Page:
The most common question we get when a family-owned business is considering a transaction to transition ownership to the next generation is, “How much is my business worth?” While that is an important question, we’ve found that the structure of the transaction is more important than the value of the business.
This represents a significant difference between “outside” transactions that occur between the owner and a third party and “inside” transactions that occur between owners or family members. The reason the structure matters so much in “inside” transactions is that the capital used to fund the transaction is often the future earnings of the business, which have not been taxed at the time of the transaction. By contrast, in an “outside” transaction the buyer brings money to the table that has already been taxed.
When we plan internal transactions among family members, everything needs to be evaluated in-after tax dollars from the standpoint of the selling shareholder as well as the company. The biggest issue we face in these transactions is that the company gets no tax deductions for money spent on an equity transaction. Assuming the company’s earnings are the source for funding a family transaction, approximately $1.65 in earnings are needed for every $1 of equity purchased. This makes many transactions burdensome and inefficient from a tax standpoint when they are structured as simple equity transactions.
One of the ways to make a family transaction more efficient is to evaluate whether there is an opportunity to provide a long-term compensation arrangement for the exiting family member in lieu of an outright stock sale. While this may not work in all cases, there are certain instances in which this strategy can have the same monetary effect for the exiting shareholder while allowing the transaction to be completed in a more tax efficient manner, since the compensation payments are tax deductible.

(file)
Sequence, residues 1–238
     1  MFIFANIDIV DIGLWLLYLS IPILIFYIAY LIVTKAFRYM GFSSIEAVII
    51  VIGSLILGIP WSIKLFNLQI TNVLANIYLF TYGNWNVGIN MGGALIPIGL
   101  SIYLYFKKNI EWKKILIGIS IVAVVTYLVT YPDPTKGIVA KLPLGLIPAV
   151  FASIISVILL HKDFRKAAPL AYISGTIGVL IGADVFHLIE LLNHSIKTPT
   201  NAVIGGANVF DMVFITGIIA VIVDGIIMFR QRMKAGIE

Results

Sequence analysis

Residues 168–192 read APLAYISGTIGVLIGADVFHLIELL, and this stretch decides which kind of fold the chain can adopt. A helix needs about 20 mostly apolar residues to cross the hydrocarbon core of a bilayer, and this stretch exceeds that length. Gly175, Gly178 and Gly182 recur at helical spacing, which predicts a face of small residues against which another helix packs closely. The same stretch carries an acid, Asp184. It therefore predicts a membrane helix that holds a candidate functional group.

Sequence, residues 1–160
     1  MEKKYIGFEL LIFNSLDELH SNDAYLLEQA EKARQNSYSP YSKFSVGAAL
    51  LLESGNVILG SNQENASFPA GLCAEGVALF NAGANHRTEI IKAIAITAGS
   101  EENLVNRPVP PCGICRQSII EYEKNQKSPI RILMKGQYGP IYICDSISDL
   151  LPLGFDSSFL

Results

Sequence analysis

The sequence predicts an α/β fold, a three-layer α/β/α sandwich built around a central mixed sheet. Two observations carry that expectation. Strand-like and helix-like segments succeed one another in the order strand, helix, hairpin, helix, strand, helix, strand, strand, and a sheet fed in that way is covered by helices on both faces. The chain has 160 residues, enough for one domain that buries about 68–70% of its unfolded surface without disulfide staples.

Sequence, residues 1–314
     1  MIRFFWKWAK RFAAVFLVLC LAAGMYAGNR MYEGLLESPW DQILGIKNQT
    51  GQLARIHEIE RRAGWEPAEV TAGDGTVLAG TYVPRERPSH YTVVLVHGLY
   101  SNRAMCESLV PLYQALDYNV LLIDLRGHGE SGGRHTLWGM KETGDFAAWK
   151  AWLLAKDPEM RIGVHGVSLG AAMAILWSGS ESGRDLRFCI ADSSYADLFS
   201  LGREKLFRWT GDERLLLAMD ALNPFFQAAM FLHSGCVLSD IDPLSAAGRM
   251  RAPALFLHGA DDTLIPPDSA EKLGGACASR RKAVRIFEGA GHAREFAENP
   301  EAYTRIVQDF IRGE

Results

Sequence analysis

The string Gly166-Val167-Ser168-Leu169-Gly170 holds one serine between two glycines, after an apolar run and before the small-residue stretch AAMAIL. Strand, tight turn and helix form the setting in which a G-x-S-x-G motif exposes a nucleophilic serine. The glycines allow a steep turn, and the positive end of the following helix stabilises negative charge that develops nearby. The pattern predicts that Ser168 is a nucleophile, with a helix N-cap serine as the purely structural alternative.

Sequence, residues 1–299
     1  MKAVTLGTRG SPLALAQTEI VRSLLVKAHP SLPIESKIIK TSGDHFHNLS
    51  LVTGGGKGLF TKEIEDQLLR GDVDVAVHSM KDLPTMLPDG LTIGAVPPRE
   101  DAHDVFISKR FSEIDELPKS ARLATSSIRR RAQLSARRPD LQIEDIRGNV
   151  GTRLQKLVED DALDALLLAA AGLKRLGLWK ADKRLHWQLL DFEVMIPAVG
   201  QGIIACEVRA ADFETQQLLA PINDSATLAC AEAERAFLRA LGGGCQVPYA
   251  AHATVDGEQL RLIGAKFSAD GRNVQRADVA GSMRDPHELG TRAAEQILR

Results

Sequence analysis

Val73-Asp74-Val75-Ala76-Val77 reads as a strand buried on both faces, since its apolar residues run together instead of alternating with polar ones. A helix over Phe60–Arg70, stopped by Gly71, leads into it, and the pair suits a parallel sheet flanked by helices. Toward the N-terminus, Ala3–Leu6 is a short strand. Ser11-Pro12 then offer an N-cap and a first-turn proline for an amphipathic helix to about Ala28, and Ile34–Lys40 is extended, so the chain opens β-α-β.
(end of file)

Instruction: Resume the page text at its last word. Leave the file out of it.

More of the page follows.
Other parts of the transaction that can be adjusted to make the ends meet include the length of the payout, the use of balloon payments, and interest rates.
We have never completed two family transactions that were the same because each transaction differs depending on the company and the family’s goals. However, one thing we’ve found to be consistent is that when it comes to family transitions, the structure always matters more than the number.
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